Chills (shivering) are caused by rapid alternation between muscle contractions and relaxation. These muscle contractions are a way your body tries to warm itself up when you’re cold.

Chills are often, though not always, associated with fever. Sometimes, they precede the onset of fever, especially if the fever is caused by an infection. Other times, they occur without a spike in temperature. Chills may or may not be serious, depending on the underlying cause.

7 Causes
Chills without fever can be caused by a number of conditions.

1. Exposure to cold

You may experience chills because you are in a very cold place, such as the ocean or a pool, or outside on a chilly day. You can also get chills if your clothing becomes damp or wet. You can get chills indoors, too, if the air-conditioning is set too cold or the heat isn’t hot enough.

As the human body ages, it has a more difficult time regulating body temperatureTrusted SourceTrusted Source, even in healthy older adults. Medical conditions such as diabetes and heart disease can make the problem worse.

These types of chills should dissipate as soon as your body warms up. However, if you experience continual shaking when you have been exposed to intense cold, you may have developed complications such as hypothermia or frostbite, which are both potentially serious.

Other symptoms of these conditions can include:

changes in skin color
slurred speech
extreme drowsiness
stinging or burning sensation, particularly in the fingers, toes, ears, or nose
Seek immediate medical help if you suspect hypothermia or frostbite.

2. Medication side effect

Chills without fever may result from taking certain medications or combinations of medications. They may also occur if you take the incorrect dosage of an over-the-counter medication, herbal supplement, or prescription drug.

Always read the potential side effects information included with medication packaging. If you suspect that you’re having chills because of a drug or drugs you use, let your doctor or pharmacist know immediately. Depending on the severity, you may require medical attention.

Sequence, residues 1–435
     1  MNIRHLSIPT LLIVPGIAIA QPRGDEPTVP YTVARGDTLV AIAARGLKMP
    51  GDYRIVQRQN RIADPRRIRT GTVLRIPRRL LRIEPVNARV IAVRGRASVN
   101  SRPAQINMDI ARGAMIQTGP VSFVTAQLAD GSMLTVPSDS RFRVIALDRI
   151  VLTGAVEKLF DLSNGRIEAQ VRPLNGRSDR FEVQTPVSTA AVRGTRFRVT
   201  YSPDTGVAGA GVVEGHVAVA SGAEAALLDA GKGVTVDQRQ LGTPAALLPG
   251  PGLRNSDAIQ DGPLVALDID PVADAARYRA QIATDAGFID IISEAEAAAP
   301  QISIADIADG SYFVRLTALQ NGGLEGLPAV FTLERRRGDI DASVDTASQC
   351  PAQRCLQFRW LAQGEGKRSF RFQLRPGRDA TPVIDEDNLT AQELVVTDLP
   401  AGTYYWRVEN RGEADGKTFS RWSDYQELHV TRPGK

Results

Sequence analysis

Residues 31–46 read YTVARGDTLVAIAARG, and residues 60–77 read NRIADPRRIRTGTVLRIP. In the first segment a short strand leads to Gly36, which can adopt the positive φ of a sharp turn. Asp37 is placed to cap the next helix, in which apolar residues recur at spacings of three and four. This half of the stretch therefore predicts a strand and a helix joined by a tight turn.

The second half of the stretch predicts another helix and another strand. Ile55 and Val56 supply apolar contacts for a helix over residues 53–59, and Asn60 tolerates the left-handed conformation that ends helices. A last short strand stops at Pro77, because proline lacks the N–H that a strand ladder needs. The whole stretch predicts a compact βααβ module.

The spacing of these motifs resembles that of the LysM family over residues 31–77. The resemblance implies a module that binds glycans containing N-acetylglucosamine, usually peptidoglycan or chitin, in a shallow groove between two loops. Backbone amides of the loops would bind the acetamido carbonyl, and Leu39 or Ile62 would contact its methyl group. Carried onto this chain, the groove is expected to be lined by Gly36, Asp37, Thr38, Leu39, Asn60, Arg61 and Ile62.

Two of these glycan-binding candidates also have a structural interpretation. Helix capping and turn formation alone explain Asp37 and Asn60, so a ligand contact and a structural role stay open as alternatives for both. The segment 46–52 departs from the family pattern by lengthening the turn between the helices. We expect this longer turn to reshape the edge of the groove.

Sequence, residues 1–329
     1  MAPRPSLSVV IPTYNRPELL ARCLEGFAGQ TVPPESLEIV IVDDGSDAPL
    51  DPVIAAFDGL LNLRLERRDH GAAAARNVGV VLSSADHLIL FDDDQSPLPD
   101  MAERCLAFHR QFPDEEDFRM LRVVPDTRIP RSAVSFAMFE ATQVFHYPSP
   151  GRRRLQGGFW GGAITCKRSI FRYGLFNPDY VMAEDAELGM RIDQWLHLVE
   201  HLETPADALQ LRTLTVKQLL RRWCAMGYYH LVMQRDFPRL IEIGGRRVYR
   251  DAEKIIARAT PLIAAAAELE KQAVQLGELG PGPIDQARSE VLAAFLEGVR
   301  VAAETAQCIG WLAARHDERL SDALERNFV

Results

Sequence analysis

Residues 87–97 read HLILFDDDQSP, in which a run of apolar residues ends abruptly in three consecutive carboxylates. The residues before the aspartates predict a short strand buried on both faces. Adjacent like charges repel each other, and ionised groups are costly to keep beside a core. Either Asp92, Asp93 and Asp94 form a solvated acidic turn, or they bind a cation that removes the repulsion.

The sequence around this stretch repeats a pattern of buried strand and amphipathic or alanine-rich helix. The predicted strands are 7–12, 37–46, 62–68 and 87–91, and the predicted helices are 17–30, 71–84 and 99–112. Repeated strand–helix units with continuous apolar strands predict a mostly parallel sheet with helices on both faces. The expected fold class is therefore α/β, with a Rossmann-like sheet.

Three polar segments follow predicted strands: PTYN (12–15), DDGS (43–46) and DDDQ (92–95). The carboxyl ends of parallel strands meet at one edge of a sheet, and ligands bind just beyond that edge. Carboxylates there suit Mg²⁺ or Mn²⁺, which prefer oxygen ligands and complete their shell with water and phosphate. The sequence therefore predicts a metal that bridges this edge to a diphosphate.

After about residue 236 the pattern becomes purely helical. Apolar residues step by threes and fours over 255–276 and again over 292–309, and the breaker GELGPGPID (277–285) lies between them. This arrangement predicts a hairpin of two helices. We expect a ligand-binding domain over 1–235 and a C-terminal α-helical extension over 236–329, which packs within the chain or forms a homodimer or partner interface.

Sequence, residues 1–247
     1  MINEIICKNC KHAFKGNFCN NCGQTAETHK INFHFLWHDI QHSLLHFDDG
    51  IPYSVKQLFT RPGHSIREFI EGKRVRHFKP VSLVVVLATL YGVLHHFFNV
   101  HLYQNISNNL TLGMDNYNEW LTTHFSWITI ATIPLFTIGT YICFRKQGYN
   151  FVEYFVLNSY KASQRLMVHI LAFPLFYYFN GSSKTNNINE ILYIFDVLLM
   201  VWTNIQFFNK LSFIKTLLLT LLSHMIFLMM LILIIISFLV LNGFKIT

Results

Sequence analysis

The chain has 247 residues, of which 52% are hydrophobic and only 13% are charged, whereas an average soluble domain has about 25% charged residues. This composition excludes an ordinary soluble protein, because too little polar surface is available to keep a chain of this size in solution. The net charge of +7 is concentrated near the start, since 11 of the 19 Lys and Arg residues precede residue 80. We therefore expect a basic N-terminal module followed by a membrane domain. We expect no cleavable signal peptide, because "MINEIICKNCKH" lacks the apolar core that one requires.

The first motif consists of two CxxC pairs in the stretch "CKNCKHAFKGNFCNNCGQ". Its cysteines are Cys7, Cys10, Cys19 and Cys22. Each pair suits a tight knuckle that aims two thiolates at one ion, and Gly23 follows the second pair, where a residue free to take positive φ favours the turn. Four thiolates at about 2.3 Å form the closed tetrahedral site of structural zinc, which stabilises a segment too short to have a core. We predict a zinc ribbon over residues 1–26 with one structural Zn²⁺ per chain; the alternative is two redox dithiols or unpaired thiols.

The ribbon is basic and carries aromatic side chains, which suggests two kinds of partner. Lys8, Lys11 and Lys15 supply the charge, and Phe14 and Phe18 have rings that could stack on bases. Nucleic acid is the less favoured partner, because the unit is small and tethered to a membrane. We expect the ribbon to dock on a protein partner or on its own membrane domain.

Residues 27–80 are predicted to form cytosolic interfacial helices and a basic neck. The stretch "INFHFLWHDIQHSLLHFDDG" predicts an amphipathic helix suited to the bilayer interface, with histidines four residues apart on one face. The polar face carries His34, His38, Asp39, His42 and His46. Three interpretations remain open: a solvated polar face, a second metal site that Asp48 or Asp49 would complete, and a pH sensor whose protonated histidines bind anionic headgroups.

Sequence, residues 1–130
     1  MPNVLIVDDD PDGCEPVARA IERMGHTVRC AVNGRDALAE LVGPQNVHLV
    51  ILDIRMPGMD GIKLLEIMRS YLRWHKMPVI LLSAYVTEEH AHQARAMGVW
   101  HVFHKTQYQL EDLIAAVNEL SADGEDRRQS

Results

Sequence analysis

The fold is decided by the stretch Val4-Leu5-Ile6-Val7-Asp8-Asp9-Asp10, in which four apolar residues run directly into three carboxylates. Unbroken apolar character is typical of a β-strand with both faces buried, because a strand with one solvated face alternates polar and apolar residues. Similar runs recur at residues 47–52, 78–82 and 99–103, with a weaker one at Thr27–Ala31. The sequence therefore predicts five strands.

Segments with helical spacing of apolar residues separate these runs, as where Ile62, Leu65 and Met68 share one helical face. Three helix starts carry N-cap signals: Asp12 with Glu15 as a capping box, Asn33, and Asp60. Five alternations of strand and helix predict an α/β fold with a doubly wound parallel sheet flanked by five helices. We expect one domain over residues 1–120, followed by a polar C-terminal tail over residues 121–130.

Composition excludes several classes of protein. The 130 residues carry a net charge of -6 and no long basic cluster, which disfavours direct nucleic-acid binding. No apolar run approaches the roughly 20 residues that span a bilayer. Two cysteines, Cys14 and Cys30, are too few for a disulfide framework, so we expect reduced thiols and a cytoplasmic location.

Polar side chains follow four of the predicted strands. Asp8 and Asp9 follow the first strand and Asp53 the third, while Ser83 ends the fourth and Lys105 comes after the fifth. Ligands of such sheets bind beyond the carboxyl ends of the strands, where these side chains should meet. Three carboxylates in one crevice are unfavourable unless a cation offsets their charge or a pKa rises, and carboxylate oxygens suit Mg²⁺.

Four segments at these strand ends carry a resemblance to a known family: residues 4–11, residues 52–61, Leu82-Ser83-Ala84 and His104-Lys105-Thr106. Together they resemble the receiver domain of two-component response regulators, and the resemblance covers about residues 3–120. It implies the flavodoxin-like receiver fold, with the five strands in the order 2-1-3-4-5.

3. Reaction to extreme physical activity

Marathon running or other forms of extreme sports that require intense physical exertion may cause changes to your core body temperature. That can result in chills.

This response can happen in any type of weather but may be more likely to occur in very cold or very hot temperatures:

In hot temperatures, heat exhaustion and dehydration may cause this reaction.
In cold temperatures, hypothermia and dehydration may be the cause.
In both instances, other symptoms you might experience include:

muscle cramping
nausea and vomiting
You can avoid chills from exercise by remaining hydrated and dressing appropriately for your workouts. Consider avoiding exercise during the coldest or hottest times of day and also limiting the duration of time spent in intense activity.

Hydrating and getting your temperature back into a normal range are usually enough to eliminate your symptoms.

In some instances, though, you may require IV fluids to treat the condition.

4. Hypothyroidism (underactive thyroid)

An underactive thyroid is a thyroid gland that doesn’t produce enough of the hormones needed to regulate metabolic rate or support overall health. This condition can cause an increased sensitivity to cold, resulting in chills.

Additional symptoms associated with hypothyroidism include:

puffiness in the face
unexplained weight gain
dry skin, nails, and hair
muscle weakness, pain, or stiffness
depression or feelings of sadness
trouble with memory
Hypothyroidism is diagnosed through a blood test. It’s a treatable condition and typically requires daily medication.

5. Hypoglycemia

Hypoglycemia occurs if blood sugar levels dip abnormally low. If you have diabetes, it may be a sign that your medication or diet needs to be adjusted. It’s also possible to experience hypoglycemia without diabetes.

Hypoglycemia requires immediate treatment to get blood sugar levels back to normal. One of the symptoms of hypoglycemia is a feeling of shakiness or muscle weakness, which may mimic chills. Other symptoms of this condition include:

heart palpitations
tingling feelings around the mouth
blurred vision
6. Malnutrition

Malnutrition occurs when your body lacks necessary nutrients. This can happen because of poor access to nutritious foods, an underlying condition that affects your body’s ability to properly absorb nutrients, or an eating disorder, like anorexia. Without the correct balance of nutrients, your body can’t properly function.

Other symptoms of malnutrition include:

fatigue or sleepiness
difficulty concentrating
pale skin
heart palpitations
feeling faint or lightheaded, or fainting
tingling or numbness of the joints or extremities
in women, missed periods, heavy menstrual cycles, or infertility
Talk to your doctor if you suspect malnutrition. This is a serious condition that can lead to complications if left untreated.

7. Emotional reaction

Chills can occur if you have a profound or intense emotional reaction to a situation. Emotions that might cause chills include fear or anxiety.

Chills can also be caused by experiences that move you deeply in a positive way, such as listening to music or inspirational words.